Whilst your time spent on revision is usually directly proportional to your exam performance, here at Beyond we can help you optimise this process further with guiding posts like this one on direct and inverse proportion…
So let us take you through a step-by-step exploration of the topic, with worked examples illuminating how the theory fits in with specific questions that include visual reference to proportion graphs.
Direct and Inverse Proportion – Context Plus Useful Links
Direct and inverse proportionality can be used to model various real-life situations. Below are a few worked examples of AS level direct and inverse proportionality.
For a resource pack containing the explanation and working (as seen below) in PDF and PowerPoint formats, as well as questions and answers, click here.
If you want to make sure you have the background knowledge to tackle AS level proportion, try the prior knowledge multiple choice quiz here. For an activity on proportional graphs, click here.
Two variables are directly proportional if they increase at the same rate. If one doubles then the other also doubles.
If two variables, a and b, are directly proportional, we write:
The sign in the middle, ∝, should be read as “is proportional to”. This form is a helpful shorthand but it can also be helpful to write a formula for a and b. To do this, we replace ∝ with “=” and add a constant of proportionality (usually the letter k). This gives the formula:
Comparing this to , we can see that would be a linear graph that goes through the origin.
Direct and Inverse Proportion – Worked Examples
Example Question 1
The length of a shadow at midday is directly proportional to the height of the object casting the shadow. A flagpole is 7m tall and casts a shadow 4m long.
- a) Using h to represent the height of the object and s to represent the length of the shadow, write a formula to represent the relationship between s and h.
- b) If a telegraph pole is 10m tall, determine the length of its shadow at midday. Give your answer correct to 3 significant figures.
- c) Draw a graph to represent the relationship between the height of an object and the length of its shadow at midday.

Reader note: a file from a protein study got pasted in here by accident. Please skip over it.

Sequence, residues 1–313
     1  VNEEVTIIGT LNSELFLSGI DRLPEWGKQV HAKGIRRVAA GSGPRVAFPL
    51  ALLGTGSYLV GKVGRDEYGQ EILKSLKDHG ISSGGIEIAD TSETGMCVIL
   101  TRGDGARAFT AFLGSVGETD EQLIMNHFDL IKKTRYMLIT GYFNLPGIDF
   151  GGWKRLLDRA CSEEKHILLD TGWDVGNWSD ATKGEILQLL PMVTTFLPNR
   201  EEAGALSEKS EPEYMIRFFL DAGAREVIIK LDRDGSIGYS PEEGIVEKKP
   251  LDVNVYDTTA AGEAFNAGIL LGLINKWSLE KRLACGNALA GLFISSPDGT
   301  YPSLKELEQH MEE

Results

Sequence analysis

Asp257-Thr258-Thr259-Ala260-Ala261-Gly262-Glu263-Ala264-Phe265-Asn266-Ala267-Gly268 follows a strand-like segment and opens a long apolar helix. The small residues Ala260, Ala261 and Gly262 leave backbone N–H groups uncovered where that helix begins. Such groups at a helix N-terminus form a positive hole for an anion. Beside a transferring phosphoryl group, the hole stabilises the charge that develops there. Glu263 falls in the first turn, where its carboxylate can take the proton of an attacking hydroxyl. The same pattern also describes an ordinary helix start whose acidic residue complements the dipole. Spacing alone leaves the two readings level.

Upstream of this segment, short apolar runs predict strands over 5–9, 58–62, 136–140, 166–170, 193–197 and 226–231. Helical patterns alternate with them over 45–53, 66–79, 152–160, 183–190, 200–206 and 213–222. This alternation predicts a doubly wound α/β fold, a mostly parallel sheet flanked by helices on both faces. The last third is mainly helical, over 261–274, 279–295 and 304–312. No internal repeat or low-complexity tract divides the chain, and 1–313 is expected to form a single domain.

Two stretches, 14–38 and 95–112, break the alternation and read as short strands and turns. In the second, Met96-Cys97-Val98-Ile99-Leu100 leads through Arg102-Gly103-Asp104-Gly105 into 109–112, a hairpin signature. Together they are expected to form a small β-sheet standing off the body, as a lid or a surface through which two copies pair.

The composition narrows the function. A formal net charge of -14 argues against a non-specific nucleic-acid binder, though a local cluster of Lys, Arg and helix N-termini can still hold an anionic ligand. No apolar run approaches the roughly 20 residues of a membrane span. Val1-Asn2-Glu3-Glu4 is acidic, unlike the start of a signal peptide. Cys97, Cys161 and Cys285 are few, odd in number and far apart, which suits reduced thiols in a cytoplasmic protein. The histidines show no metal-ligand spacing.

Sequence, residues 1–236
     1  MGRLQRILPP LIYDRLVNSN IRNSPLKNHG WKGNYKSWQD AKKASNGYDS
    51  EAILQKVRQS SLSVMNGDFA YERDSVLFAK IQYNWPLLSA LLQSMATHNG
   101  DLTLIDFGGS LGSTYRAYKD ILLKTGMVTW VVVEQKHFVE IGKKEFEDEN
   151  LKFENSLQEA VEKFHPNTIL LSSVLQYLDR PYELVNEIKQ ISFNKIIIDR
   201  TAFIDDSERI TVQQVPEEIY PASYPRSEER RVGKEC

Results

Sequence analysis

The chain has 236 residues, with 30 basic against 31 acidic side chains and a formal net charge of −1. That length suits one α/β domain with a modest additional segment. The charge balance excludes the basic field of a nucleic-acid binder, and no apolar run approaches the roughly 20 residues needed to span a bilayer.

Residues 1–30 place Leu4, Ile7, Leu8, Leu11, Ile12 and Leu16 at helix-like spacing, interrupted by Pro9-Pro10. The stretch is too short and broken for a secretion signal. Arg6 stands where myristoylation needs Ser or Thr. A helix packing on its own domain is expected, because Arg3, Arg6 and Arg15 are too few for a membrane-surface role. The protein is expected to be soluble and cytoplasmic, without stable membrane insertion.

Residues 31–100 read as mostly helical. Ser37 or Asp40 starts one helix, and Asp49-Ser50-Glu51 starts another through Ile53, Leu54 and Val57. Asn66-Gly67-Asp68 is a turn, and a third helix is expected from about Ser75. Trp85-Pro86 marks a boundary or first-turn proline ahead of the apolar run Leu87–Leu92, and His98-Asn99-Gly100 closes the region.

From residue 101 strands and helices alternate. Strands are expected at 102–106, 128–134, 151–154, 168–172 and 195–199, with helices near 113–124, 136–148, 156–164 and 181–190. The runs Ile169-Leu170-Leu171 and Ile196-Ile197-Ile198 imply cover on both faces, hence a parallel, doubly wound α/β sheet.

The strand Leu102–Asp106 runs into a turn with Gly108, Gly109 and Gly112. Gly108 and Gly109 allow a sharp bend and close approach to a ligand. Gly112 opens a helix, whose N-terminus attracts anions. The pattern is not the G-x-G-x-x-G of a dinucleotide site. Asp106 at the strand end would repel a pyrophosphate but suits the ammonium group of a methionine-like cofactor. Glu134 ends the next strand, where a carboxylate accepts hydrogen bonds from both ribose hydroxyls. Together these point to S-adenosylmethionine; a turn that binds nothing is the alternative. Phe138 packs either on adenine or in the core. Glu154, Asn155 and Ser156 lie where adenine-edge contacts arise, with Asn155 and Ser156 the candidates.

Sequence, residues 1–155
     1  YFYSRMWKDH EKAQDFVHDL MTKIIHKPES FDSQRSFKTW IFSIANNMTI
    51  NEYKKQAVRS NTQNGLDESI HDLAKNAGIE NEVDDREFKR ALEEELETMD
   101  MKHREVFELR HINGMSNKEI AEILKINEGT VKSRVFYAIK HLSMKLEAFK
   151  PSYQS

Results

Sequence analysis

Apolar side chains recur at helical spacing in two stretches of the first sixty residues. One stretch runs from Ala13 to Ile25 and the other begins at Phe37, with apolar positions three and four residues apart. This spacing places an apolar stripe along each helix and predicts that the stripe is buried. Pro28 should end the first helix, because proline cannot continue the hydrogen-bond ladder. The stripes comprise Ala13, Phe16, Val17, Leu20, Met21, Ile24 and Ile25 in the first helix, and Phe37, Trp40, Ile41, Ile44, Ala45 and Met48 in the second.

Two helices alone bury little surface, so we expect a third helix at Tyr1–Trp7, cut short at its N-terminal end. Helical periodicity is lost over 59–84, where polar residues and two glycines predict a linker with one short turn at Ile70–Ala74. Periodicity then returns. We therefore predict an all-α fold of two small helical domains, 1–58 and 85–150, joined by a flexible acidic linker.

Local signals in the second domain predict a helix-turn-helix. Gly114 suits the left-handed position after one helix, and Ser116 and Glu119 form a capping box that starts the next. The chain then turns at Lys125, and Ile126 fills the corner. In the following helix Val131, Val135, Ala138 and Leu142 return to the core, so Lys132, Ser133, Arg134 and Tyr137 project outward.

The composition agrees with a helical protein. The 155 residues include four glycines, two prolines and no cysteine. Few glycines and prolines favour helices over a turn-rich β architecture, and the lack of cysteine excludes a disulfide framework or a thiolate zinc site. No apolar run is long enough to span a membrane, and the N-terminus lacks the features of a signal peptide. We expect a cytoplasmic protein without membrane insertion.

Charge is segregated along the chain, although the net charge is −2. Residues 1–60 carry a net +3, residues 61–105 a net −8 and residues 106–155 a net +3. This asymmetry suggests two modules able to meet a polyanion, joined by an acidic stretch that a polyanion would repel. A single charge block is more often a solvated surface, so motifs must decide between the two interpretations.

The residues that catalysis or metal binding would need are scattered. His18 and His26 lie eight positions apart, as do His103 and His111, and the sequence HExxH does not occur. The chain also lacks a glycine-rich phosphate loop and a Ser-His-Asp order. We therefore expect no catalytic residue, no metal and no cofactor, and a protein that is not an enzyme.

- a) The height of an object, h, is directly proportional to the length of its shadow at midday, s. This means we can write:
We are told that when the height is 7m, the shadow is 4m long. In other words, when h = 7, s = 4. We substitute these values to find k:
Therefore, our formula is:
- b) Here, we are given the height of the object, h, and we need to find the value of s.
We do this by substituting h = 10m:
- c) The graph will start at the origin, as the equation has a y-intercept of 0. This makes sense; an object with no height has no shadow. It will be a straight line with a gradient of
Proportion does not have to be a linear relationship. For example, a can be inversely proportional to b – this means that a is proportional to . We write the relationship as:
In this case, if one of the values is doubled then the other value will be halved. The graph showing an inverse proportion will be a reciprocal graph.
Example Question 2
A sprinter runs a race at an average speed of 8ms-1 and finishes the race in 12.5 seconds.
- a) Explain why the speed of the sprinter is inversely proportional to the time taken to finish the race.
- b) Given that s represents the speed of the sprinter and t represents the time taken to complete the race, find the constant of proportionality for the relationship . What is the significance of this value?
- a) If the sprinter runs twice as fast, they will complete the race in half the time. Therefore, the sprinter’s speed and time are inversely proportional.
- b) To find the constant of proportionality:
Given that s = 8ms-1 when t = 12.5s:
In this case, the constant of proportionality is the distance of the race: 100m.
Other Proportional Relationships
There are many relationships that can be described as proportional.
For example, the area of a circle is directly proportional to the radius squared. We would write this relationship as:
The constant of proportionality, in this case, would equal π.
To be able to describe the relationship between two values as proportional, there can’t be a third variable.
For example, the volume of a cylinder doesn’t have a proportional relationship with its measurements. The volume can be found using the formula – there are three variables in the formula: V, r and h.
You can increase the volume of the cylinder by changing just one of the other variables. Therefore, the relationship is not proportional. However, if the value of one of the variables remains fixed, we can consider the proportional relationship of the remaining two.
Example Question 3
Consider a cylinder with a volume of 350cm3. Write a formula for the height, $latex h &bg=fcfbfb&s=3$, of the cylinder. Describe the relationship between the height and radius of the cylinder.
Let’s start by considering the formula for the volume of a cylinder, . We have a fixed value of the volume, , so we can replace this in the formula:
We want a formula for the height, so we need to make the subject:
It is important to remember that π is a constant, not a variable. Knowing this, we can see that is inversely proportional to :
and the constant of proportionality is .
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